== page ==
German urban air mobility startup D3 Technologies has become the latest company to join the Canadian Advanced Air Mobility Consortium (CAAM), and will contribute its pioneering work in air traffic control automation to the first airspace use case in Vancouver, British Columbia.

The company is one of 50 members across academia, capital, government and industry, which are working together to create an ecosystem to support the introduction of advanced air mobility in Canada. D3 is developing a safe, automated deep-tech system which creates digital roads and road signs in real-time, with the goal to provide scalable air traffic control and enable automated flight.

Achim Kostron, Chief Commercial Officer at D3 Technologies AG, said: “We highly value the opportunity to incorporate Air Traffic Control best practices and the forward thinking of Advanced Air Mobility in a current, revenue generating project that will demonstrate proof of concept to regulators such as Nav Canada and unlock future use cases.

“The interdisciplinary partner models put together by CAAM will accelerate AAM worldwide! We are excited to be part of this progress and to enable regulators to evaluate the options of future urban air traffic control.”

D3’s platform consists of one or several ground module and per-vehicle avionics, transceivers and sensor suites. Its proprietary safety architecture and embedded software allow for central route planning and route clearance, as well as additional safety functionalities in the vehicle.

The system can accept both piloted and unpiloted, fully automatic vehicles. APIs enable data exchange for application builders, enabling 3rd-party offerings. Airspace owners can manage usage and its platform is open to all services, vehicle and added value providers.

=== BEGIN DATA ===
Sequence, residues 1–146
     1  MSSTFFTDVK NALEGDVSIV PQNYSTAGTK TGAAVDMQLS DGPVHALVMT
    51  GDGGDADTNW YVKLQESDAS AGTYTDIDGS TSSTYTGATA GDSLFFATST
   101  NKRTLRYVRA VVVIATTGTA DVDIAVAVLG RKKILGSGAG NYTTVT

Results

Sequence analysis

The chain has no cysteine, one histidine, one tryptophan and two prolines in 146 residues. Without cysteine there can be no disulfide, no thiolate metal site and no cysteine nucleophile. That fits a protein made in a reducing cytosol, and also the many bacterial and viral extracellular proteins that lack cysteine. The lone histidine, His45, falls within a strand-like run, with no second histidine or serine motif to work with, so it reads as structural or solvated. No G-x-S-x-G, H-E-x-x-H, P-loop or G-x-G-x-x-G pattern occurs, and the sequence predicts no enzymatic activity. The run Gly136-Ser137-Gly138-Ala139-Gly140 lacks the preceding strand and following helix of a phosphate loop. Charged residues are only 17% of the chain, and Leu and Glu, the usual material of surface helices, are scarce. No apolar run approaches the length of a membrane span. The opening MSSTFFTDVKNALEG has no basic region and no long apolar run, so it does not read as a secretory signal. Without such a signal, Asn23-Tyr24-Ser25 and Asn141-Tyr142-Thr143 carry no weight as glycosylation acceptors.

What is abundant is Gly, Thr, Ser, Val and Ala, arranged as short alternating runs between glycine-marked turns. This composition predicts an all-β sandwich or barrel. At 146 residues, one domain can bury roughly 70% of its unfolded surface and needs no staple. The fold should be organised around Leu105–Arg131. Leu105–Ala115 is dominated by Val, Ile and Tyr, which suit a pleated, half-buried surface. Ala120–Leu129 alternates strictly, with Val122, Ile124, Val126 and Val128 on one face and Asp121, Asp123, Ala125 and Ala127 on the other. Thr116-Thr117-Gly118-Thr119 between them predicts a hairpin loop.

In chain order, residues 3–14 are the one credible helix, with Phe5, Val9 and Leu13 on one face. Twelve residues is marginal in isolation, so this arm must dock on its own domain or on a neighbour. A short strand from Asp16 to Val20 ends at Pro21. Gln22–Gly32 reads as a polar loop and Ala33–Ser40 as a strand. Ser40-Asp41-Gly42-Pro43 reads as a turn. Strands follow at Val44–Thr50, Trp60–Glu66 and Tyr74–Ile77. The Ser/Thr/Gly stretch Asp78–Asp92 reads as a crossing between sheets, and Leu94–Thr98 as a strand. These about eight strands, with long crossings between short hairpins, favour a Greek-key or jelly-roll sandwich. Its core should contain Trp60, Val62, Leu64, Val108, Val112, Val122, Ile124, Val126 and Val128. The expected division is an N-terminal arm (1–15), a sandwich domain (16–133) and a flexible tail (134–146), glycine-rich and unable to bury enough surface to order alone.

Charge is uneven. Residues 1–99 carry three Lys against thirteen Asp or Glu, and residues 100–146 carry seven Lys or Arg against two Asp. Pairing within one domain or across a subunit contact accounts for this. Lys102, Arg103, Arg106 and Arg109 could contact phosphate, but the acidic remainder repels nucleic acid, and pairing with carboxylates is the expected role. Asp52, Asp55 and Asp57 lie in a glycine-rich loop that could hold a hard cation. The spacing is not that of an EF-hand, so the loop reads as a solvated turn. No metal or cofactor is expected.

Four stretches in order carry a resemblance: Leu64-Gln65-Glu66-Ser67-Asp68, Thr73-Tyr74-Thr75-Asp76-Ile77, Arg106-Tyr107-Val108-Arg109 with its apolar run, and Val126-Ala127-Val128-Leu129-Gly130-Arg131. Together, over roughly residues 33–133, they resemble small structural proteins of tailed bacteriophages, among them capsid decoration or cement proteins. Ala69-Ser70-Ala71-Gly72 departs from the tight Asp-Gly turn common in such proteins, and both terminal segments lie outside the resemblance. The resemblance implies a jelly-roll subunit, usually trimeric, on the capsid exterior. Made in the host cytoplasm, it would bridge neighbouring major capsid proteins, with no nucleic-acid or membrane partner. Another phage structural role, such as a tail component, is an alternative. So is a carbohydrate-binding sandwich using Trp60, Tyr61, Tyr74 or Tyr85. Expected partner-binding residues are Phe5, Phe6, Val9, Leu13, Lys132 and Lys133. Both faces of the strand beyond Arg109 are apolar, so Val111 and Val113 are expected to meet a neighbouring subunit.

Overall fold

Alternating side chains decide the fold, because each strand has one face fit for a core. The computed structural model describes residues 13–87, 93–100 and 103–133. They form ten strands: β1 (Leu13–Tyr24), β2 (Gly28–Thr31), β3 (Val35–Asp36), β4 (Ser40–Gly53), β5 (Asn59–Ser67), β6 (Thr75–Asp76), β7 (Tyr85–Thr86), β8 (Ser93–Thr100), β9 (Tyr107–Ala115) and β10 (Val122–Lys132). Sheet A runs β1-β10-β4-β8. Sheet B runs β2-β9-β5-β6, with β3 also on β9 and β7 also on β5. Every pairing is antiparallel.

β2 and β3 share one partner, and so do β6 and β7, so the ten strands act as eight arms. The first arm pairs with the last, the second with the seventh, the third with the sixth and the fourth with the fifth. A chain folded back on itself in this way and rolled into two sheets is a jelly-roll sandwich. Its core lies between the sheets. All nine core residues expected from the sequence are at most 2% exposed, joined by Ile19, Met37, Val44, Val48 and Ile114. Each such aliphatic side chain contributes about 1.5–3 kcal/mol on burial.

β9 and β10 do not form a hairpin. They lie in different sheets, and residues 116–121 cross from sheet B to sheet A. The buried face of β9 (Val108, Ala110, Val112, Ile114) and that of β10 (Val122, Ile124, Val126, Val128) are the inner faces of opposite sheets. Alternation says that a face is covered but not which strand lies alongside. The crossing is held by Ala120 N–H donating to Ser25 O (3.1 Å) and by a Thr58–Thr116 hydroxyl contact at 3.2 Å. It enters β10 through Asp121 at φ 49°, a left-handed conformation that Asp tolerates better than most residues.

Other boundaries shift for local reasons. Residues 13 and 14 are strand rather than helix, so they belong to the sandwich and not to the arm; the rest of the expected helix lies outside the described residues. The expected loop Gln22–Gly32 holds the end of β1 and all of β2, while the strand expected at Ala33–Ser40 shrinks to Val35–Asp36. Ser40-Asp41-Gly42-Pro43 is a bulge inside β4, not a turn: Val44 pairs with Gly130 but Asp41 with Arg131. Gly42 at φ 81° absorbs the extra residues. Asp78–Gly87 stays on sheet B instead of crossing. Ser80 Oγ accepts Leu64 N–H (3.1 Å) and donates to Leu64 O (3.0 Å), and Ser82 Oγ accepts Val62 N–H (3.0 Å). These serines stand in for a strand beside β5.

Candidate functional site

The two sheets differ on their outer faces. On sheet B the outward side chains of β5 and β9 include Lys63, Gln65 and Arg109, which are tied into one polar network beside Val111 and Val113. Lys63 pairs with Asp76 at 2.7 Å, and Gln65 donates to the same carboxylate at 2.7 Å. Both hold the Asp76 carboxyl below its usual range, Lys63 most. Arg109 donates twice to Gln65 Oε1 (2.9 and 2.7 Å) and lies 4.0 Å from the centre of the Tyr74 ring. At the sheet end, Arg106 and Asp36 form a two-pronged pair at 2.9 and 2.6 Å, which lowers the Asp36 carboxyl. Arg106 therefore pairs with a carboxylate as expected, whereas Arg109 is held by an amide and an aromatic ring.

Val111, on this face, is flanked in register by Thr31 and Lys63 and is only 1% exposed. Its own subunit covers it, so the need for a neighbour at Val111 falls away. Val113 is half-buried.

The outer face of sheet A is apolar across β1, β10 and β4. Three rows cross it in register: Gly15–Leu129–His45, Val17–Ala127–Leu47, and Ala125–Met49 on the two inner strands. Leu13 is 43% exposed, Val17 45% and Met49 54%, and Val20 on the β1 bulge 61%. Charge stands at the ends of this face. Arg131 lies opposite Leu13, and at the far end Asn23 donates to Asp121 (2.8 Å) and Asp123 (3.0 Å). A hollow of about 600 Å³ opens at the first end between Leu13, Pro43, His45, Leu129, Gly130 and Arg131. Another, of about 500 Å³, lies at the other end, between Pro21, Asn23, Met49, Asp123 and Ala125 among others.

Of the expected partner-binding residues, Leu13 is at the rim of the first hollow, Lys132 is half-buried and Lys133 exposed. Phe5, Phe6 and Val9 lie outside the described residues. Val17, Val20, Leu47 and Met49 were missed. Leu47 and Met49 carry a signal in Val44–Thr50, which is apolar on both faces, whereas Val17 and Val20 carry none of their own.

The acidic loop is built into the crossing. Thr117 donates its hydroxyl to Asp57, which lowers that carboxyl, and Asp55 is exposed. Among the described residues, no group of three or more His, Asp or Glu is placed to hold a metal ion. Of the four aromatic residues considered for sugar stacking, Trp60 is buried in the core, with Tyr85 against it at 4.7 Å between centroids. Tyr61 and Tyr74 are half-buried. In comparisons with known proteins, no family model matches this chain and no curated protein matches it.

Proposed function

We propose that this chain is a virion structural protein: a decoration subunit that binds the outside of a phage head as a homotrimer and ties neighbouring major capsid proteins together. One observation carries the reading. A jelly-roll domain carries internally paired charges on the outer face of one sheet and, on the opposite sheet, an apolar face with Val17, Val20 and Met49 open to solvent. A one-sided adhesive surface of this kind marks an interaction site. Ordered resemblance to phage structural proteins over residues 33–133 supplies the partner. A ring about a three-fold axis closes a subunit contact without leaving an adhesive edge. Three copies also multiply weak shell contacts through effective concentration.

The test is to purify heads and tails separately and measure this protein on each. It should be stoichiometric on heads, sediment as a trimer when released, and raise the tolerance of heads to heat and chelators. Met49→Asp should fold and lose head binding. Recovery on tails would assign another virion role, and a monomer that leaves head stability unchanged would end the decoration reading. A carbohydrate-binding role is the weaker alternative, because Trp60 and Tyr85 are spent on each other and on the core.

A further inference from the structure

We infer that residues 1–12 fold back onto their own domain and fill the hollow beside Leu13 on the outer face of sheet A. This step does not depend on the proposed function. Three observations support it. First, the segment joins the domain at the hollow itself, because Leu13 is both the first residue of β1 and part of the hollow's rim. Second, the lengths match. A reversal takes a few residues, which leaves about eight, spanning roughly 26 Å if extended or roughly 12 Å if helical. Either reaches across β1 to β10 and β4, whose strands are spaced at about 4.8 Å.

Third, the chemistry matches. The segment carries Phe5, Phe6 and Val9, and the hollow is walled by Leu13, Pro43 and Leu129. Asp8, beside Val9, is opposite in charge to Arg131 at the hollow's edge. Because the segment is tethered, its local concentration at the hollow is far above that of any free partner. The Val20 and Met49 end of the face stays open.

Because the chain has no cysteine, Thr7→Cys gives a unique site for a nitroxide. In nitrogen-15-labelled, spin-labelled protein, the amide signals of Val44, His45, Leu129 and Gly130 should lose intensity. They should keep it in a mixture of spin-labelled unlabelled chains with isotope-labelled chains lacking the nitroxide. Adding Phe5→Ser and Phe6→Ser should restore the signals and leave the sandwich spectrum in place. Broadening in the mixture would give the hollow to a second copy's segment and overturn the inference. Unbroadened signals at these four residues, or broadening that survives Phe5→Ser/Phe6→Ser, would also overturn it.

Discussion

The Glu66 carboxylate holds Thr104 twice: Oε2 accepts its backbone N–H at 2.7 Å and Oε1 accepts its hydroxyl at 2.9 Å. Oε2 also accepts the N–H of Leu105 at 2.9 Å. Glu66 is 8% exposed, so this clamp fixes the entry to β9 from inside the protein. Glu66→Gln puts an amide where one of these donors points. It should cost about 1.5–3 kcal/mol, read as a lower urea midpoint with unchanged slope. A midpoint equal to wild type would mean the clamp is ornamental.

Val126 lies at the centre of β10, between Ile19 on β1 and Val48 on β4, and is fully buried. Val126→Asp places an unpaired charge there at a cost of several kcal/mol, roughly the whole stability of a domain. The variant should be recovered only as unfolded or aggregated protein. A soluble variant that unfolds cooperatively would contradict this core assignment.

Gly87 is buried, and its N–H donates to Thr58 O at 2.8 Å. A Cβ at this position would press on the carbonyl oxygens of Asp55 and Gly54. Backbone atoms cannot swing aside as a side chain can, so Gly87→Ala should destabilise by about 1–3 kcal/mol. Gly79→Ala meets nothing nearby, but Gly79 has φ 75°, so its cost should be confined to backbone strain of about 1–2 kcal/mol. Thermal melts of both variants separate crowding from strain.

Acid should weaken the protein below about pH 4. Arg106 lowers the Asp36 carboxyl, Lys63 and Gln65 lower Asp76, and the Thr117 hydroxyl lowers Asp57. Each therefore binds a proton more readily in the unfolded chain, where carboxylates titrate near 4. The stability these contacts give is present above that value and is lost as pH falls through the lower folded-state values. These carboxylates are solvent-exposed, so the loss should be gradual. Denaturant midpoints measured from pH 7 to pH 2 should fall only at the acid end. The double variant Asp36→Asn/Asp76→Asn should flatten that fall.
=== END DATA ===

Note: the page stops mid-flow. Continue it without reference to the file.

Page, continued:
CAAM is currently working on ‘Phase Two’ of its Vancouver Project, following the successful feasibility study in Phase One which outlined the roadmap and triple bottom line analysis. The focus is now on developing a path to operational action plan this year, which will lead to the first revenue-generating services in Canada.

The two use cases it is pursuing involves transporting cancer isotopes from Vancouver to Victoria, in collaboration with founding CAAM member Helijet, and partnering with InDro Robotics to leverage its existing approvals for utilising a Remotely Piloted Aircraft (RPA). This will be used to deliver prescription medication from Vancouver Island to a remote Indigenous community on Penelakut Island.

JR Hammond, Executive Director of CAAM, said: “A scalable air traffic control solution will be essential for governments to benefit from AAM. We are looking for the air traffic control solution that has the highest probability of applying to an effective national framework.

“D3’s automated approach with high safety standards is a great opportunity for Canada. We are happy to have their capabilities and expertise onboard the Canadian AAM Master Plan Project as we strategize the first 20 years of AAM in Canada. D3 and CAAM are aligned on our thinking concerning approach and timeline.”

Notable CAAM members include Jaunt Air Mobility, Bell Textron, Horizon Aircraft, Varon Vehicles, Skyports, Iskwew Air, The Vertical Flight Society, the Community Air Mobility Initiative, the National Research Council of Canada, the British Columbia Aviation Council, Harbour Seaplanes, Nexa Capital Partners and the universities of British Columbia, Toronto and Victoria.

CAAM’s goal is a zero-emission AAM transportation system in urban and rural communities for people, goods, and services. It aims to achieve zero emissions in British Columbia by 2040.